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PLoS Pathog. 2007 Jan;3(1):e9.

Neutralizing antibody fails to impact the course of Ebola virus infection in monkeys.

Author information

1
Departments of Immunology and Molecular Biology, The Scripps Research Institute, La Jolla, California, United States of America.

Abstract

Prophylaxis with high doses of neutralizing antibody typically offers protection against challenge with viruses producing acute infections. In this study, we have investigated the ability of the neutralizing human monoclonal antibody, KZ52, to protect against Ebola virus in rhesus macaques. This antibody was previously shown to fully protect guinea pigs from infection. Four rhesus macaques were given 50 mg/kg of neutralizing human monoclonal antibody KZ52 intravenously 1 d before challenge with 1,000 plaque-forming units of Ebola virus, followed by a second dose of 50 mg/kg antibody 4 d after challenge. A control animal was exposed to virus in the absence of antibody treatment. Passive transfer of the neutralizing human monoclonal antibody not only failed to protect macaques against challenge with Ebola virus but also had a minimal effect on the explosive viral replication following infection. We show that the inability of antibody to impact infection was not due to neutralization escape. It appears that Ebola virus has a mechanism of infection propagation in vivo in macaques that is uniquely insensitive even to high concentrations of neutralizing antibody.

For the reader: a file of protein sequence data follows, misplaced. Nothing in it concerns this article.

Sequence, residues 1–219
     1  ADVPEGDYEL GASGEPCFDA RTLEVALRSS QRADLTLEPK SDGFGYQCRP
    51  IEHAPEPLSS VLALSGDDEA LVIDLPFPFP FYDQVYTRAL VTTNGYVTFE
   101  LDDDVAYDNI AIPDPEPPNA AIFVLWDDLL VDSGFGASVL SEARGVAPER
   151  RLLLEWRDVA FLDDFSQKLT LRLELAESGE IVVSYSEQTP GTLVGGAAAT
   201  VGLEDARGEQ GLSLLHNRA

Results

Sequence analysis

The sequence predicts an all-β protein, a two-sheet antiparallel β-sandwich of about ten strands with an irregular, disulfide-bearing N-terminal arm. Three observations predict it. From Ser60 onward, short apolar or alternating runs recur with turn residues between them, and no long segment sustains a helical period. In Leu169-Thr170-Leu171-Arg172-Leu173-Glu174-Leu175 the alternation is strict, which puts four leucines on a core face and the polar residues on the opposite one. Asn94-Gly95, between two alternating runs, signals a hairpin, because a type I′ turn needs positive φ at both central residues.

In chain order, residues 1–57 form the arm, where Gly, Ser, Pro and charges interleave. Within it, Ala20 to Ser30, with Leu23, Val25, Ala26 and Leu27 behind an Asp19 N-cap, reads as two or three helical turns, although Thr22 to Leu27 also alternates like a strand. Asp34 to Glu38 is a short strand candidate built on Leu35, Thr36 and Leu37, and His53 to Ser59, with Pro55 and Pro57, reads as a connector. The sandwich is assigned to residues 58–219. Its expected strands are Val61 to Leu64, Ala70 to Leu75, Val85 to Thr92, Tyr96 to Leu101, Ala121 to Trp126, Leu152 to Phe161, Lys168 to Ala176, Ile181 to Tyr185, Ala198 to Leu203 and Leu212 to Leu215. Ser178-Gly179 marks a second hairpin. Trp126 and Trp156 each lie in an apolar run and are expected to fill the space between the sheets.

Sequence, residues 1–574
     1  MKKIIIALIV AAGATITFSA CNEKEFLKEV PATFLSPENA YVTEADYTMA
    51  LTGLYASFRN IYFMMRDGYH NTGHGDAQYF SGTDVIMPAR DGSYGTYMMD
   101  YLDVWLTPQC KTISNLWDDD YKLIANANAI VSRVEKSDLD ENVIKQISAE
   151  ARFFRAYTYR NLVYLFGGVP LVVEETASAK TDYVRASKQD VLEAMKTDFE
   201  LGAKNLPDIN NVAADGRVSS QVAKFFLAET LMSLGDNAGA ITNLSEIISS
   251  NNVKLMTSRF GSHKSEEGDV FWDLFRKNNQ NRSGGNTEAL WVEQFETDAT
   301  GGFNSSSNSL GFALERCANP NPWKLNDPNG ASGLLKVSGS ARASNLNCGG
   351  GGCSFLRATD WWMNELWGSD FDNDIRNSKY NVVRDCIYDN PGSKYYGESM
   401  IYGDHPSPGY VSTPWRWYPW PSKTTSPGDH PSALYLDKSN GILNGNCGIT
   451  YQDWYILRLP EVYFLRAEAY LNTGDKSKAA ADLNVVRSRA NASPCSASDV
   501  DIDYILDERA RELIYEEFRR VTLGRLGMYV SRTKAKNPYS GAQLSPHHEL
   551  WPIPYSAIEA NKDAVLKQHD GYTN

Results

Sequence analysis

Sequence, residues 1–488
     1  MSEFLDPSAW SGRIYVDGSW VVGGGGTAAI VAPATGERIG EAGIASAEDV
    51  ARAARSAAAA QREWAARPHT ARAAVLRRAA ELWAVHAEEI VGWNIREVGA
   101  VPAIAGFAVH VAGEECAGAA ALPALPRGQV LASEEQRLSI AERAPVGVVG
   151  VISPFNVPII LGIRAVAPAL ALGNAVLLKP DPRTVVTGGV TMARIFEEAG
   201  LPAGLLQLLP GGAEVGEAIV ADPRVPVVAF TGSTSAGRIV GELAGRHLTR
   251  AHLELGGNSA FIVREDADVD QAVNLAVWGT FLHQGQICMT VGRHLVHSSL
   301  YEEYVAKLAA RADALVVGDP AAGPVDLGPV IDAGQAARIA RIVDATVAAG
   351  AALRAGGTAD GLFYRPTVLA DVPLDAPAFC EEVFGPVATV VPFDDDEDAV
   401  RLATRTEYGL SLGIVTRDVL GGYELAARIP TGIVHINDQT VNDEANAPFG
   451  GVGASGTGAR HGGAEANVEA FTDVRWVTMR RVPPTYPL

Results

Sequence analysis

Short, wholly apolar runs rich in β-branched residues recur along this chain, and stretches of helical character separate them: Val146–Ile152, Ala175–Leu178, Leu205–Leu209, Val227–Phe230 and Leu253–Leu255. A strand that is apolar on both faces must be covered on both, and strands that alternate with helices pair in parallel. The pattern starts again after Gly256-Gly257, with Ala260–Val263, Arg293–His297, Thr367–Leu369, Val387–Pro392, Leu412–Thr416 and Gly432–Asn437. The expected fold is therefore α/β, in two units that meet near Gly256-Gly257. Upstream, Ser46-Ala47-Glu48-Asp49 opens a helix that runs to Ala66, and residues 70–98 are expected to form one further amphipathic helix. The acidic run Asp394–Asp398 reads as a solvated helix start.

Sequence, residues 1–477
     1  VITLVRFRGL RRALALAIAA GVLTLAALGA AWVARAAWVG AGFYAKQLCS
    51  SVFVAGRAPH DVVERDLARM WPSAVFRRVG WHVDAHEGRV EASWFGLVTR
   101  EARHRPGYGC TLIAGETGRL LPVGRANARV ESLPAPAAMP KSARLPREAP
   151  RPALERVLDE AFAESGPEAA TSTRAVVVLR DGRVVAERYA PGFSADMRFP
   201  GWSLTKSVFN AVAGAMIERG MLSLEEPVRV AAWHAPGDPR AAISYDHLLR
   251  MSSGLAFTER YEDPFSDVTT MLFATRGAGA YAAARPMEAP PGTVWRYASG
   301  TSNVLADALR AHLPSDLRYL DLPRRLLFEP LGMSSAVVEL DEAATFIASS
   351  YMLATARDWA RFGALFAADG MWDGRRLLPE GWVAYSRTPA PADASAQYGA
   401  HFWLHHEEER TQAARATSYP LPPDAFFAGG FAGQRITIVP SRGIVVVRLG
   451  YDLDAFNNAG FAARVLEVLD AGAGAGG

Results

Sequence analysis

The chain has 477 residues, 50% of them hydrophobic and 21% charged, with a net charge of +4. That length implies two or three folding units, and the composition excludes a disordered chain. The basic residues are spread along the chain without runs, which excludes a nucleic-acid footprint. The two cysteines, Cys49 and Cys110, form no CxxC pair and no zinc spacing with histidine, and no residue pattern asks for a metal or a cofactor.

PMID:
17238286
PMCID:
PMC1779296
DOI:
10.1371/journal.ppat.0030009
[Indexed for MEDLINE]
Free PMC Article

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